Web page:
AUT applied ecologist Dr Nicola Day has published paper in Nature which features on the cover.
The article discusses how carbon, stored in forest soils for hundreds of years, might be released into the atmosphere as global warming increases the frequency of wildfires.
Dr Day,who started in the School of Science this month as a Rutherford Postdoctoral Fellow, will look at long-term changes in tussock grasslands in the South Island and the effect of fire on plants and soil. This is important because these areas are expected to experience increased fire activity with climate change, and we are unsure of the implications for New Zealand’s native biodiversity.
She has come from Wilfrid Laurier University, Canada where among other things, she helped design field sampling, collected field data and samples, discussed statistical approaches to data analysis and co-wrote the Nature article.
Specifically it focuses on boreal forests which are found in high-latitude, sub-Arctic environments where freezing temperatures occur for six to eight months.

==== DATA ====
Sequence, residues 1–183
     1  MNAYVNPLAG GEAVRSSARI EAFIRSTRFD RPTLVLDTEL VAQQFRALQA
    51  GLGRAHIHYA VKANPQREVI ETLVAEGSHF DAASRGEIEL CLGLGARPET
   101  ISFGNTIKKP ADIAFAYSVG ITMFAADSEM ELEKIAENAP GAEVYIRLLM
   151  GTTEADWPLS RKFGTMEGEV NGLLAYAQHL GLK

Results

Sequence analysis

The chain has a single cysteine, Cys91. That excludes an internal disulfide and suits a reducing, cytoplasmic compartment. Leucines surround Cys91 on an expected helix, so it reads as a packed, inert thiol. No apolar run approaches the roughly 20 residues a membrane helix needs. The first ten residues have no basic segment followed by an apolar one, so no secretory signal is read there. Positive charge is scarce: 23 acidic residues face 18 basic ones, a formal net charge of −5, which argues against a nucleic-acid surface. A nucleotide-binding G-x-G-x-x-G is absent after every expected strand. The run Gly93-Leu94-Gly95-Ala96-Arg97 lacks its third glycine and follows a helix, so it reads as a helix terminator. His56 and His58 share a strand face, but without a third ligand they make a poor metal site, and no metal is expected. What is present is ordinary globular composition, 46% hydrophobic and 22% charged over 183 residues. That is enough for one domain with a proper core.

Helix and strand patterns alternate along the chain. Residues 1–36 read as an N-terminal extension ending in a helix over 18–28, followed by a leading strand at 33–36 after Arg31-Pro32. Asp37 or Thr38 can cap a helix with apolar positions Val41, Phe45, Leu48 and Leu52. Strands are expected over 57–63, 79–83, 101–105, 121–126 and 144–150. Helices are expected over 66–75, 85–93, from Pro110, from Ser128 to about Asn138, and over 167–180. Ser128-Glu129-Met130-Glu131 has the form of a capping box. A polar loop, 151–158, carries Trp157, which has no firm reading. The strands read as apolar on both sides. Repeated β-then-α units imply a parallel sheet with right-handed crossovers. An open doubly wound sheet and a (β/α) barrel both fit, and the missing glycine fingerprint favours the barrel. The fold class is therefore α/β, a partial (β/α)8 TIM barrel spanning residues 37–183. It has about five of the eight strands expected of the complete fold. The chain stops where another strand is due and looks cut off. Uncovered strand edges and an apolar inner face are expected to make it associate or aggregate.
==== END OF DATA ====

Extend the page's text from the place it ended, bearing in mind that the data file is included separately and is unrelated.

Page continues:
Boreal fires are key players in the global carbon cycle, because they store 30-40% of land-based carbon. They have been considered to be carbon sinks, mainly because they accumulate large amounts of carbon in the form of deep organic soils.
Their net carbon balance is driven by natural wildfires which produce large carbon emissions about every 70 to 200 years and are necessary to maintain the productivity and biodiversity of trees. But climate change is likely to shorten the period between fires due to warmer temperatures, drier conditions, more lightning strikes and longer wildfire seasons.
Dr Day and her colleagues show that the increase in fire frequency might turn boreal forests from carbon sinks into carbon sources.